BYD makes the news here at CleanTechnica regularly for its electric buses, taxis and cars that offer clean air options to cities and consumers around the world. We haven’t talked a lot about its trucks and what the new energy giant is working on behind the scenes with its trucks around the world…until now.
We caught up with BYD’s Jack Symington to talk about what the current deployment of BYD trucks looks like around the world and what spaces the company is moving into first as it builds out use cases and platforms for companies around the world to build fleets around.
Many of BYD’s trucks have completed Phase One testing and the company has Phase Two production-ready vehicles already being offered by salesmen around the world. BYD’s recent sale of 200 electric refuse trucks in Brazil and 500 refuse trucks in China are evidence of just how fast the vehicles start moving when they’re available for customers. Those are deals that were inked this year, in 2018, not something far off in the future.
BYD is new to the electric truck game and as such, is heavily focused on vetting use cases, product development and ensuring those products are refined as they are prepared for production. It does this by working with air districts and interested customers on pilots that are often funded by grants to build a set of ‘Phase One’ vehicles that are then sent out into the field for use in real production environments.
As issues arise, as they inevitably do with early product builds, refinements are made. After a series of pilot projects, the learnings are then rolled into a Phase Two build that is ready for production and made available for sale.
Chassis for all trucks sold in North American markets are manufactured in China and shipped to BYD’s Lancaster, California, factory for final assembly. In parallel, BYD’s battery cells are shipped to Lancaster where they are assembled into vehicle-ready battery modules.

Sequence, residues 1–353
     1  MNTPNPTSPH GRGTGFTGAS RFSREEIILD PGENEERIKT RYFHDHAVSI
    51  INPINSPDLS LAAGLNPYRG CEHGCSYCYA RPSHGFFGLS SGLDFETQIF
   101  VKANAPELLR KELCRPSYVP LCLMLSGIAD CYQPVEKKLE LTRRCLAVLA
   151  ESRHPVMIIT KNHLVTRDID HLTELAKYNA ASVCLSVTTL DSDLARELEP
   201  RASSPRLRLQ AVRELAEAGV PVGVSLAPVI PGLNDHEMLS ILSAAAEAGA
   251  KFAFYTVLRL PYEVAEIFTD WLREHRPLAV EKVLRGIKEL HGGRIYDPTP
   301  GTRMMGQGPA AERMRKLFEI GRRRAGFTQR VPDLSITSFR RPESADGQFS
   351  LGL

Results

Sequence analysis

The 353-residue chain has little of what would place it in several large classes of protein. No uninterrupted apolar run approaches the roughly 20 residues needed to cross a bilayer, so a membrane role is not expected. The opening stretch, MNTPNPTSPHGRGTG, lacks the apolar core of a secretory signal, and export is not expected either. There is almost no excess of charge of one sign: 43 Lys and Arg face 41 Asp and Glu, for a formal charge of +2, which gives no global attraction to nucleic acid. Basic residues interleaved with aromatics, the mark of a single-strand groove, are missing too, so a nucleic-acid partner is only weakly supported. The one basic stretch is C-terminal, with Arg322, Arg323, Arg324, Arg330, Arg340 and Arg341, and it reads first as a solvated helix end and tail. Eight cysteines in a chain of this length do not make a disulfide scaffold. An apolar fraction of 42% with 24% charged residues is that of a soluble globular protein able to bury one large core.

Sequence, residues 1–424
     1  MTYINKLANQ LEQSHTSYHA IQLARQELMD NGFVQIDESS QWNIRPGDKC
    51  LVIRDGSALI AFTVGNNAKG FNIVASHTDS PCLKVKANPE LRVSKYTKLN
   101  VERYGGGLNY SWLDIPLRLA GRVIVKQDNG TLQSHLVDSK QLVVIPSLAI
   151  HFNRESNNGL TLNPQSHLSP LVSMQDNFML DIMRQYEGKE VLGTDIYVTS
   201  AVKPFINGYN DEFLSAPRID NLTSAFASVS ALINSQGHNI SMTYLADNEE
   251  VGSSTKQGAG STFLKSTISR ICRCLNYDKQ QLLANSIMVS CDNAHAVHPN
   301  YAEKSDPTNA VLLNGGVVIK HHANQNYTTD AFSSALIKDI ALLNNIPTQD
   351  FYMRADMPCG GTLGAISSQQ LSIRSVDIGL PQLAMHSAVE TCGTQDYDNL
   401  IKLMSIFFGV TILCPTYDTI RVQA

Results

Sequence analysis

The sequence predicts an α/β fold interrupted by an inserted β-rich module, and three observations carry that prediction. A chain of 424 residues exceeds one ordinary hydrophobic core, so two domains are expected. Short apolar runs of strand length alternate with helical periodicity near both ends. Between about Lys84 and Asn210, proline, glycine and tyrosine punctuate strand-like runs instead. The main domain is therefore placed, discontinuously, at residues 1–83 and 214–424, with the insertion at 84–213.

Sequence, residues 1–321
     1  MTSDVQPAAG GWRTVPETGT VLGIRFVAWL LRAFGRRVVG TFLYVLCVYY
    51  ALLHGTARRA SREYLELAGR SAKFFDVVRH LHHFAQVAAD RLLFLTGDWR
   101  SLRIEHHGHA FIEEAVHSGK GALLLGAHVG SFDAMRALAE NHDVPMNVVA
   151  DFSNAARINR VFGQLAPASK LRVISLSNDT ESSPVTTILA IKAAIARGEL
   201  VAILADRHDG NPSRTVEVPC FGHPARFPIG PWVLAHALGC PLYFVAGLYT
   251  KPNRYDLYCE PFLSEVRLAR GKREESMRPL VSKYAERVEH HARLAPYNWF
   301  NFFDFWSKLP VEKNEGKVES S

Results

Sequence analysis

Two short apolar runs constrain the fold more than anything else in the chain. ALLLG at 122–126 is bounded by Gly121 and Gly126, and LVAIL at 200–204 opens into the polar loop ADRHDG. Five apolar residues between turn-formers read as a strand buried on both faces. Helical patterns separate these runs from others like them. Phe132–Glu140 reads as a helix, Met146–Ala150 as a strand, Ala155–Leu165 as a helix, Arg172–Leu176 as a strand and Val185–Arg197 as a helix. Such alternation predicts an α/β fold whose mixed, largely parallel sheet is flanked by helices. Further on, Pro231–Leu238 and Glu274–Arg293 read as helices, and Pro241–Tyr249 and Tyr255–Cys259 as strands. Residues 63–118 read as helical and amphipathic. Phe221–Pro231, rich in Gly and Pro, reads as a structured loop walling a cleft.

Those two building blocks allow BYD to perform the final assembly for its trucks, including the addition of DOT-spec parts that just don’t make sense to put on in China.
BYD knows from its experience with transit buses that fleet managers need a vehicle that is tailored to their needs and vehicle customization is even more important in the world of trucking. Jack shared that just in the early pilots with yard tractors, they’ve found that different rail yards and different ports have different requirements that the vehicles must comply with to be useful, so BYD is adapting.
A Wide Range of Offerings
BYD is developing a wide-ranging offering across the major classes of heavy trucks. Jack gave an overview of what is already in the works at BYD:
- Class 8: Refuse truck, street sweeper (not yet available in North America), rail yard/yard tractor, mining (not yet available in North America) and construction vehicles (not yet available in North America).
- Class 6: Refuse truck (currently being used by Los Angeles sanitation and the City of Calgary), refrigerated trucks (produce delivery, dairy delivery), box truck.
- Class 5: Refrigeration (mostly for home delivery), box truck, service trucks on the yard.
New Product Development
Over the last 12 months, BYD has kicked off a number of grant-funded pilots to validate the use cases of its tech with customers and to put the final polish on BYD’s first trucks out in the field before scaling up sales and manufacturing. Jack talked about the technology demonstrations, noting that “we have had 6-8 of these that are anywhere from 2 trucks to 25 trucks.” The test are a tight partnership between the customer, the California Air Resource Board (CARB) or the South Coast Air Quality Management District (SCAQMD) and BYD’s truck team.
Most of the pilots currently underway make use of BYD’s first generation of trucks and are targeted at the ideal operating conditions for electric vehicles – low speed, short distance operations like drayage trucks, yard dogs, refuse trucks and urban delivery trucks. “We see a lot of use cases in these industries where trucks get very low, low miles per gallon,” Jack shared. The inefficiency of internal combustion powertrains in these environments also means that electrifying these vehicles often have the highest financial returns.